As I was responding to emails. I heard a story on Fox News that caught my attention. I stopped what I was doing and started watching the news report. I learned the President was about to address the nation. Then I heard that Osama bin Laden was dead. My first reaction was a fist pump and a loudly yell "YES!" Since it is late and I am hours from my home in New Orleans, I wanted to reach out to others and share the news.
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I opened TweetDeck on my computer and started following the stream of tweets. Most were expressing a satisfaction that he was dead. But there were others who were critical of the outpouring of joy over the death of a man. Other shared links to breaking news reports, and still others shared pictures or videos of crowds celebrating the news that bin Laden was dead. Each new tweet had my emotions in a whirl. Should I be joyous? Should I be outraged by the celebrating by others?
I clearly remember September 11, 2001. Back then I got ready to go to work in a quiet house - no radio, no TV, and of course Twitter didn't exist yet. I liked my solitude in the mornings as I prepared for work. When I arrived at school on that brilliantly beautiful morning, another teacher asked me if I had heard the news about a plane hitting the World Trade Center in New York. I had been in New York the week before attending the U.S. Open and had gone to the World Trade Center twice while I was there.
I ran to my classroom and turned on the TV and started up a computer. I was trying to wrap my head around what was happening when I watched as the second plane flew into the other tower. I had to make a decision because my 4th graders were starting to arrive. I turned off the TV, and muted the sound on the computer and positioned it so my students couldn't see it. I was trying to decide if I should talk to them about what was happening or not. Well, that decision would not be mine to make. Our principal came rushing into my room and announced that the superintendent of our district had just announced we were not to talk about it or share any of the images of what was happening with our students. We were to protect them from the horrible events that were unfolding.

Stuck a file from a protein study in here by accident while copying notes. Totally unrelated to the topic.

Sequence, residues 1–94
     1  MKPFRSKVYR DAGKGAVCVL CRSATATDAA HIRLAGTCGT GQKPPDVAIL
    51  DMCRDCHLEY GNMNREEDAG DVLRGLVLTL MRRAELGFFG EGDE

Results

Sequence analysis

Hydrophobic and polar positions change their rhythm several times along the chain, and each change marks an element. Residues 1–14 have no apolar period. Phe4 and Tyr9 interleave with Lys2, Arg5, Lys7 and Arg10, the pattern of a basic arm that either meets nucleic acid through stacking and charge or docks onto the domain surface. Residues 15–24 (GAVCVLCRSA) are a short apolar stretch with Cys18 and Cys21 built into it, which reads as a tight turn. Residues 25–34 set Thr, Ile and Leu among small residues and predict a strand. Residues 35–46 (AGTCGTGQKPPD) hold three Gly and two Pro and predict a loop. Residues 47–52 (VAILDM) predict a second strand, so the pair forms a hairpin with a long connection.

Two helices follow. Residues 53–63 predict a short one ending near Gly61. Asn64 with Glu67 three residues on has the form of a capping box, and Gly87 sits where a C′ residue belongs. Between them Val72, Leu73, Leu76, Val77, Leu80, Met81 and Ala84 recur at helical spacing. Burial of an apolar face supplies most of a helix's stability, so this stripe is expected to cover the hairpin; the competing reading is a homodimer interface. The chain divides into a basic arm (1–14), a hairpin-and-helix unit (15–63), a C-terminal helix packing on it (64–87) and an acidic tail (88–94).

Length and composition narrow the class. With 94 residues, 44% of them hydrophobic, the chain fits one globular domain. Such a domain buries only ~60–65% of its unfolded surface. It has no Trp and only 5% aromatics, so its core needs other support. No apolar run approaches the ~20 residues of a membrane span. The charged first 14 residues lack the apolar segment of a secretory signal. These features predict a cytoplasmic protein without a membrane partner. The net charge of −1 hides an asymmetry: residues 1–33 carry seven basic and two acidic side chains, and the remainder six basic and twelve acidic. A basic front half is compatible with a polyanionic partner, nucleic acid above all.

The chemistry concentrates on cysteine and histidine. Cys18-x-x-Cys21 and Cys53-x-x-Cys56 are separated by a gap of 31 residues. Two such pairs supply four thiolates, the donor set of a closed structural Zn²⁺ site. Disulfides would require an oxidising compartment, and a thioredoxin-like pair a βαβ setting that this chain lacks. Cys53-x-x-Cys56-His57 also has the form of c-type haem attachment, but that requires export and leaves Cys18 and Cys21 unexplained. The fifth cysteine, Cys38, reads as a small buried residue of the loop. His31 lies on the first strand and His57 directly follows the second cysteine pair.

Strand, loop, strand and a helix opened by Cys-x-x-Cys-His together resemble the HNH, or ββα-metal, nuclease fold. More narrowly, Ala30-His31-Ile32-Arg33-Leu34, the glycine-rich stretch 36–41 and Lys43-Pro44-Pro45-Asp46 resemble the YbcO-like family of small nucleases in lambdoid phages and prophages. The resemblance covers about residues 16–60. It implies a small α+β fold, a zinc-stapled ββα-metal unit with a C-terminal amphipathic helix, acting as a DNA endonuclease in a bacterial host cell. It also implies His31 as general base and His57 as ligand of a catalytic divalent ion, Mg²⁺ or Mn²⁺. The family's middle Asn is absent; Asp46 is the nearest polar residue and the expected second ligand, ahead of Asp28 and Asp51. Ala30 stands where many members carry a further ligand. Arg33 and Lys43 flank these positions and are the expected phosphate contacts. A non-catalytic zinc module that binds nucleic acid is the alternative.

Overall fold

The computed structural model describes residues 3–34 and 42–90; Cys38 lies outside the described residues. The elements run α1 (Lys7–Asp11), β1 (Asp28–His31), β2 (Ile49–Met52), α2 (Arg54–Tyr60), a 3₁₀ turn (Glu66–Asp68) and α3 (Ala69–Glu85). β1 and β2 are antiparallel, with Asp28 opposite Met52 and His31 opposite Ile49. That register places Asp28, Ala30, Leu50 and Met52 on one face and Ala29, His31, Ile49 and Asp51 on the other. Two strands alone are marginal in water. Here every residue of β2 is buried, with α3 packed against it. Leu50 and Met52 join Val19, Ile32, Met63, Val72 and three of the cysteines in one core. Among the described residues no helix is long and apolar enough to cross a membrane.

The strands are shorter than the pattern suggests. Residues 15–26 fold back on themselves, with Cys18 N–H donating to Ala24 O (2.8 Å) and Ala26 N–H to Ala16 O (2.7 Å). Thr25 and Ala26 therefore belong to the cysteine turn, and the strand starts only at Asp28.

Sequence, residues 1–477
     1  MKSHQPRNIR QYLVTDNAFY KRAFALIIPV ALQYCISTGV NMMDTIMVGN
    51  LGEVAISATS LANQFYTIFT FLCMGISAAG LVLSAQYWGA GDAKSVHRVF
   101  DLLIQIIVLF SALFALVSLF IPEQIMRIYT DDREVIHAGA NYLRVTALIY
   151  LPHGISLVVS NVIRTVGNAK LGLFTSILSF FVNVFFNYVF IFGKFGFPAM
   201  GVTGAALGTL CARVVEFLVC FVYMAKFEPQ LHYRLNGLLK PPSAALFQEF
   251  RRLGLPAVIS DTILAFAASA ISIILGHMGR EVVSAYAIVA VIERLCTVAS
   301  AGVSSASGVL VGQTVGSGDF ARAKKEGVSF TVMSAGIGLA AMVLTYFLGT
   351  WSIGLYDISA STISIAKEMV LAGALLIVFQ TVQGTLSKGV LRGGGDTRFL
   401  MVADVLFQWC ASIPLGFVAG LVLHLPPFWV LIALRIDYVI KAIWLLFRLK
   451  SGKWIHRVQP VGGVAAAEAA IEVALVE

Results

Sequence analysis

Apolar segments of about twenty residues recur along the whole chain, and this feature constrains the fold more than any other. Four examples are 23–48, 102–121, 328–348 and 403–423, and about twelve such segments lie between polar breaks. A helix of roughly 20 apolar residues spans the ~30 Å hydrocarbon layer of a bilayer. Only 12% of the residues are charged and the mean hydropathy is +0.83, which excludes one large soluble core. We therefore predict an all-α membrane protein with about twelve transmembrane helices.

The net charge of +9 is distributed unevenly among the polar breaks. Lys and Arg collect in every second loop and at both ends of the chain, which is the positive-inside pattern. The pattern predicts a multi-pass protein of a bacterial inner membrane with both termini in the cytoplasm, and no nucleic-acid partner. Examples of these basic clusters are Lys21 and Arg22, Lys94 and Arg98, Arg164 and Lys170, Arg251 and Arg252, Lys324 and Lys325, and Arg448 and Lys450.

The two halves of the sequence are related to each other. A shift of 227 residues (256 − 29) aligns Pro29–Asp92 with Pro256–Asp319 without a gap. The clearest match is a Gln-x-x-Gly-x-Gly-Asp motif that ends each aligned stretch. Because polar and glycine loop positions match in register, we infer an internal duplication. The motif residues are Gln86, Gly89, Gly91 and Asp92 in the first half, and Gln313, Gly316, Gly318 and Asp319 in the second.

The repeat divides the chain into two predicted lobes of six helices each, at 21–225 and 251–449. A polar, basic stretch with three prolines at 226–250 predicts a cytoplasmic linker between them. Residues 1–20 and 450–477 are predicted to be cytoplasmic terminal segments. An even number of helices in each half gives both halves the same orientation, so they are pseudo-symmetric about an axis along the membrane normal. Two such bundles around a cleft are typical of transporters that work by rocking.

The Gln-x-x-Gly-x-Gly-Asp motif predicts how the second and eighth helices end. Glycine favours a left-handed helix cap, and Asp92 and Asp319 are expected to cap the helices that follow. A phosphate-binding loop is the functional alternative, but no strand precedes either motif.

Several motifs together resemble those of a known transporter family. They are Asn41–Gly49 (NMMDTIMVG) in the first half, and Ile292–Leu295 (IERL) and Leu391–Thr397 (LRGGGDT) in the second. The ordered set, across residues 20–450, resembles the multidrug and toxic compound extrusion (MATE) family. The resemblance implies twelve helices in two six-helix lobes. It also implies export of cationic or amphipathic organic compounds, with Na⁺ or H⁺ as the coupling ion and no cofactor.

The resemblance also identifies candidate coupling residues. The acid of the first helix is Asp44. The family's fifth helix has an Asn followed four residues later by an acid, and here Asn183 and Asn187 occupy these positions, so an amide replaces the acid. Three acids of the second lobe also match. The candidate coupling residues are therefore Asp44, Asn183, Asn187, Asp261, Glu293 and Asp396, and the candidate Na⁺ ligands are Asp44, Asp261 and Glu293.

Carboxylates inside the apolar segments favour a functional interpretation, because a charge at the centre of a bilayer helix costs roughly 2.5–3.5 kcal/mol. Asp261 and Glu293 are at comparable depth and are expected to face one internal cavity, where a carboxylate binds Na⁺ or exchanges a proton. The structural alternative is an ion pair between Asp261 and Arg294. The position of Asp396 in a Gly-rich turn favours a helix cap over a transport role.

During the day the teachers took turns getting updates in the teacher's lounge and trying to comprehend this horrific event. Parents started arriving to check their children out early. The children were confused and a little bit frightened. I told them that an event had occurred in New York that their parents would tell them about when they got home. I left school early that day and spent the rest of it glued to the TV watching as the events of the day were replayed on all the channels. I cried and cried. I remember being scared as I wondered what would happen in the coming days. I wondered how our world would change.
We had the next day off from school mainly because our superintendent was worried. Our district has children from 88 countries including many from Iran and Iraq, so she wanted us to have another day to deal with our feelings in private before returning to school. The next days and weeks were kind of surreal. Everyone went through the routine, but we all had a numb feeling. Slowly things returned to normal. But I knew I would never forget.
So tonight I am struggling with all of the feelings that resurfaced from 9/11. I have vascillated between being joyous and being concerned that I am joyous. I am both grateful that a terrible man no longer exists, but confused because I am celebrating a death.
I read this post by Tom Whitby. I guess his last sentence sums up my feelings.
God Bless the USA.